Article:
Our Mission & Philosophy
College of Professional and Global Education Mission
In the College of Professional and Global Education at San Jose State University, we provide access to relevant educational programs that allow individuals to gain knowledge and skills that create a solid foundation for them to be engaged and productive members of a global society. We offer a learning environment that is dynamic and innovative, ensuring that we are responsive to the ever-evolving workforce and industry demands. Our college is the nexus for connecting professionals, institutions, businesses and industries, locally and from around the world, to the knowledge, resources and talents of Silicon Valley’s premier public university.
College of Professional and Global Education Vision
We aspire to be the College that shapes the future of the workforce of Silicon Valley and beyond, preparing students for professions that exist today and those that have yet to be created. We will be recognized as a leader in international education, leveraging our diverse international population and strong portfolio of institutional programs and partnerships to advance our commitment in preparing students and scholars to live and lead in a global society.
Study Abroad and Away Mission
The Study Abroad and Away office supports San Jose State University (SJSU) and the College of Professional and Global Education in developing accessible and academically focused cross-cultural programming for all SJSU students. We aim to foster global competencies in our students and scholars through innovative programming and through the development of targeted, mutually beneficial partnerships with institutions, agencies (governmental and NGOs) and companies that share and support the globalization ethos and the University’s priorities and values.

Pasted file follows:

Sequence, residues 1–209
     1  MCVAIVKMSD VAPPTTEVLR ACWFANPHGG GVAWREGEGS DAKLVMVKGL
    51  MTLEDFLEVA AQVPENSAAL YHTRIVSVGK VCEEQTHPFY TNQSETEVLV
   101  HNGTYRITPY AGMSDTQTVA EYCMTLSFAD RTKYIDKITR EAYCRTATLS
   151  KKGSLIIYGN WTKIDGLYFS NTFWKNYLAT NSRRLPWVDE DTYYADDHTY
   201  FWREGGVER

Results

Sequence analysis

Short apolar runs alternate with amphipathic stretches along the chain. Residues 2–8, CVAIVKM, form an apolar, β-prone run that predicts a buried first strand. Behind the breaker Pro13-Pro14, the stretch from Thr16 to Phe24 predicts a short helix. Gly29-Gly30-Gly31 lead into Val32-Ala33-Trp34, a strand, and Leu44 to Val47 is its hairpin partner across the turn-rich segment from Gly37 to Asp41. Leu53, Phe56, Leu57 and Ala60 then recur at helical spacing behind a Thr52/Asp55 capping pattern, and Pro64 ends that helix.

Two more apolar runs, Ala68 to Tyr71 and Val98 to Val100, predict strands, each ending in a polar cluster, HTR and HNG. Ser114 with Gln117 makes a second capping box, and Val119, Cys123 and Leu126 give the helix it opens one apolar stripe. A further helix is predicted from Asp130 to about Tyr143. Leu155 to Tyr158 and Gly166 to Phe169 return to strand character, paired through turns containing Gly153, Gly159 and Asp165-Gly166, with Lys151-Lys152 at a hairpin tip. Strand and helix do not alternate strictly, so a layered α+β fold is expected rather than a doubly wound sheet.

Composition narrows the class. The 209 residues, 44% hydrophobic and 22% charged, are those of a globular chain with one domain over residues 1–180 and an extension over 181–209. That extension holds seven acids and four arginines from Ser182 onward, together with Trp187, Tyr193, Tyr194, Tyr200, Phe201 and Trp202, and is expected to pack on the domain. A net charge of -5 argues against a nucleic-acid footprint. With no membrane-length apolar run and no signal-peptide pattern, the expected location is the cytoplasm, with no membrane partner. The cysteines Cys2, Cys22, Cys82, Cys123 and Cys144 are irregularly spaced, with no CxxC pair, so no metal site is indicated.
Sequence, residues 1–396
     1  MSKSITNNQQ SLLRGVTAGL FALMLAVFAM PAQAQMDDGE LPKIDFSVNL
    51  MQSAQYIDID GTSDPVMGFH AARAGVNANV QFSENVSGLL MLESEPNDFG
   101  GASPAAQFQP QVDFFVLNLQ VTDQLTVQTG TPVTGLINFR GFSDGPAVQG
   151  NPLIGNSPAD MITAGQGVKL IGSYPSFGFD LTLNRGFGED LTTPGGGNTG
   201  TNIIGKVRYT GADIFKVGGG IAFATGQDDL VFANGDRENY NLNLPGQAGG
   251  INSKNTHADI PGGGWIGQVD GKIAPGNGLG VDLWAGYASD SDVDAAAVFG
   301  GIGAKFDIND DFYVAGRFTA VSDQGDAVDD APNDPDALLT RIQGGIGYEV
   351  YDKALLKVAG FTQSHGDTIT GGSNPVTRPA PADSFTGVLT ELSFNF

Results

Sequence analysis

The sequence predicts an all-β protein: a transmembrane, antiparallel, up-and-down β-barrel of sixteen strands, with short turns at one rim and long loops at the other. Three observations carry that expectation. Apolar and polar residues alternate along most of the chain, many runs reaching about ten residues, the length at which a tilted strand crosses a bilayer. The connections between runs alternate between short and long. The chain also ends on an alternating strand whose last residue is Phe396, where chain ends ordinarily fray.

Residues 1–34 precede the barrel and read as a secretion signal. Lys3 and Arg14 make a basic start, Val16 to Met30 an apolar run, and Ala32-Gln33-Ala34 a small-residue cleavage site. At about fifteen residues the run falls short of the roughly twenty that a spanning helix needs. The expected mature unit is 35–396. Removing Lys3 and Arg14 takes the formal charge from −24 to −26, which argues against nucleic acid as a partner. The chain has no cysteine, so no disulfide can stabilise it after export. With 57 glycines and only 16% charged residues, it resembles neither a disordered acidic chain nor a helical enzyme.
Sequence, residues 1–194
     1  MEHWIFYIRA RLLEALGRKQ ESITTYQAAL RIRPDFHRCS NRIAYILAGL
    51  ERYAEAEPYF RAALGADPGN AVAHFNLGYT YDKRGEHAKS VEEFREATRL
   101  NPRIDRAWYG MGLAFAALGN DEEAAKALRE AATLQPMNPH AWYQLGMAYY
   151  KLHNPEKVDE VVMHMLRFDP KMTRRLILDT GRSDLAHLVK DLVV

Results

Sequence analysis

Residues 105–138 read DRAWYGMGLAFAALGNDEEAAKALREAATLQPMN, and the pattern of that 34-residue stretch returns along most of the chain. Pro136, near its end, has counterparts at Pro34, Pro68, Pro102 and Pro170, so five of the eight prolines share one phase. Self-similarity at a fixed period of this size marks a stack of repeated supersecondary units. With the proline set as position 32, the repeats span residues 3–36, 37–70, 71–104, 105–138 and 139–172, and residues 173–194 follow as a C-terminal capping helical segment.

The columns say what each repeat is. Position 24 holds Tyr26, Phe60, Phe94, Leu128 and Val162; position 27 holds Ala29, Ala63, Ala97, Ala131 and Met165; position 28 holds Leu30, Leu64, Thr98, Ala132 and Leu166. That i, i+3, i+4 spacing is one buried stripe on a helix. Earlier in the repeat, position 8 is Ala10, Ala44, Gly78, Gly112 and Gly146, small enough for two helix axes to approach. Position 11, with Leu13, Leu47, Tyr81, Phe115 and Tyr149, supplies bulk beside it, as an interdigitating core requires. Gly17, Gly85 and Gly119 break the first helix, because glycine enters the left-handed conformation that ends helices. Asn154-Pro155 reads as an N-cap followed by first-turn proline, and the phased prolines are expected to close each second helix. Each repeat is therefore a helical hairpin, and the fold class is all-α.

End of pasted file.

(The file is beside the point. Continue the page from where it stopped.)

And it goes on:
Study Abroad and Away Vision
Our vision is one of study abroad for all, including underserved students who may not have historically participated in a global experience. CPGE’s role is to make global learning and experiences an integral part of every SJSU student’s college career, through reimagining how we approach experiential and cross-culturally immersive programs that meet the needs of our diverse student population.
Study Abroad and Away Learning Outcomes
The Study Abroad and Away office strongly believes in the role that a study abroad or away experience can have in a student’s academic, personal and professional development. Through participating in a study abroad or away program, San Jose State University students will develop knowledge, skills and attitudes that foster personal and professional growth, develop intercultural competencies and prepare them to be dynamic and productive global citizens who are deeply cognizant of living in a connected and interdependent world. Specifically, students will be able to accomplish outcomes in the following areas as a result of their study abroad or away experience: